• Interview with Richard Munang, United Nations Environment Programme expert on climate and Africa

East African nations have been battling with swarms of desert locusts since the beginning of 2020. In what is being called the worst outbreak the region has seen in decades, the Food and Agriculture Organization of the United Nations warns that rising numbers of desert locusts present an extremely alarming threat to food security and livelihoods in the Horn of Africa.

According to the organization’s recent update on the desert locust upsurge, the current situation may be further worsened by new breeding that will produce more locust infestations in Ethiopia, Kenya and Somalia and possibly further afield.

We interviewed Richard Munang, United Nations Environment Programme (UNEP) expert on climate and Africa, on the relationship between environmental factors, climate change and the locust emergency.

What is the relationship between locusts and and climate change?

During quiet periods — known as recessions — desert locusts are usually restricted to the semi-arid and arid deserts of Africa, the Near East and South-West Asia that receive less than 200 mm of rain annually. In normal conditions, locust numbers decrease either by natural mortality or through migration.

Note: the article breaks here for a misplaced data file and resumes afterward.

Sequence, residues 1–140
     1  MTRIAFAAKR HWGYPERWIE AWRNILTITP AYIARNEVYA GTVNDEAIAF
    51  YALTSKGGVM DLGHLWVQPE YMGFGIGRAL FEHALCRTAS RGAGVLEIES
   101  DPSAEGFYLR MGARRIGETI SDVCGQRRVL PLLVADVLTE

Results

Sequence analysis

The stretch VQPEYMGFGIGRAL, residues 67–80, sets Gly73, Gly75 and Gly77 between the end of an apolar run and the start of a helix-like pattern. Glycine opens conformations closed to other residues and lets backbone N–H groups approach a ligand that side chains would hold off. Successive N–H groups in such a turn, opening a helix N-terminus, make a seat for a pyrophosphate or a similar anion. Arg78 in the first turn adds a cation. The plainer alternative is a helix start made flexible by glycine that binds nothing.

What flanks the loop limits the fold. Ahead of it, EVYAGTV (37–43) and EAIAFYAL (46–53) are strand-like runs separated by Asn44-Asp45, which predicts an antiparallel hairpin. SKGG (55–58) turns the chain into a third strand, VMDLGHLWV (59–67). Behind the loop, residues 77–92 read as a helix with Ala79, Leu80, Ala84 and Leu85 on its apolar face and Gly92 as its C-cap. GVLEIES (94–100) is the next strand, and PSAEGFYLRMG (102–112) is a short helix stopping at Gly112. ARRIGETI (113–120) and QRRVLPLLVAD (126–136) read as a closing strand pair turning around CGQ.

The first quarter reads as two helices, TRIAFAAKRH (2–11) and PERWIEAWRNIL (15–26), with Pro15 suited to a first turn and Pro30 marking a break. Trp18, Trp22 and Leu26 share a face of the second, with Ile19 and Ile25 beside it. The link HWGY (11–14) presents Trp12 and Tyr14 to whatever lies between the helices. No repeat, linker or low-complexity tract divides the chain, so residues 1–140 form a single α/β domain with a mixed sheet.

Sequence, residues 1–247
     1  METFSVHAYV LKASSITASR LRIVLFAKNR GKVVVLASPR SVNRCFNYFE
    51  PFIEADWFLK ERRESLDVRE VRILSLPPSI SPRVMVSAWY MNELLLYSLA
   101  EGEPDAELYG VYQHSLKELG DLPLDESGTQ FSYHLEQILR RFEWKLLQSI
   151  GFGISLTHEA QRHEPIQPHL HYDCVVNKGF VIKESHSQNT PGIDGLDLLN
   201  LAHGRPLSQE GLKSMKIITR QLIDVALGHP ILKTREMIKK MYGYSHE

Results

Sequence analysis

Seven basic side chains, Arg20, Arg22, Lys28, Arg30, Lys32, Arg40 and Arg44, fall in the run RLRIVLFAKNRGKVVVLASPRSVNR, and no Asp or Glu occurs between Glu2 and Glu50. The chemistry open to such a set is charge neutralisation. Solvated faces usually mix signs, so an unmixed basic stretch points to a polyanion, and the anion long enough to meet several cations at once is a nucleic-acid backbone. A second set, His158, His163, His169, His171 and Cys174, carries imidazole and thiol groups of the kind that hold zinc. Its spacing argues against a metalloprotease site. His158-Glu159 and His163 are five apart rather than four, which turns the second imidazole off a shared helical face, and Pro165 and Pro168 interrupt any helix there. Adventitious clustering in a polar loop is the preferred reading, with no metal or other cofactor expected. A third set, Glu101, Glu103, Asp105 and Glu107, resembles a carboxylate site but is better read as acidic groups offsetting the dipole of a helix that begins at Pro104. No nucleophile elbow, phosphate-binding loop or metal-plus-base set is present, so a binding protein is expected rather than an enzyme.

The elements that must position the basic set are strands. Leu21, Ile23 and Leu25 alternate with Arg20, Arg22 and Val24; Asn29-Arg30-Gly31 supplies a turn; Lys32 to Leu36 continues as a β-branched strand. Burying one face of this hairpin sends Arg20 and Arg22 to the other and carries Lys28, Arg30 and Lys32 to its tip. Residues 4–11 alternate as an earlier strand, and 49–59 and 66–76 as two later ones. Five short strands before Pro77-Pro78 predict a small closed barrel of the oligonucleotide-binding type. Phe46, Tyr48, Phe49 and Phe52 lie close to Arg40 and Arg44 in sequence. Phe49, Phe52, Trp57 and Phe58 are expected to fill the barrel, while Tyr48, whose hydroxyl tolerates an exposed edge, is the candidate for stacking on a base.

However, the last five years have been hotter than any other since the industrial revolution and since 2009. Studies have linked a hotter climate to more damaging locust swarms, leaving Africa disproportionately affected — 20 of the fastest warming countries globally are in Africa. Wet weather also favours multiplication of locusts. Widespread, above average rain that pounded the Horn of Africa from October to December 2019 were up to 400 per cent above normal rainfall amount. These abnormal rains were caused by the Indian Ocean dipole, a phenomenon accentuated by climate change.

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What is the role of the United Nations in locust control?

The United Nations’ response to locust attack control is multi-agency in nature. While the immediate sector at risk is food security, climate change plays an exacerbating role.

One of UNEP’s roles is to disseminate the latest science on emerging climate trends to inform cross-sectorial policies and ensure resilience is built in the relevant sectors.

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Source: UN Environment Programme, https://www.unenvironment.org/news-and-stories/story/locust-swarms-and-climate-change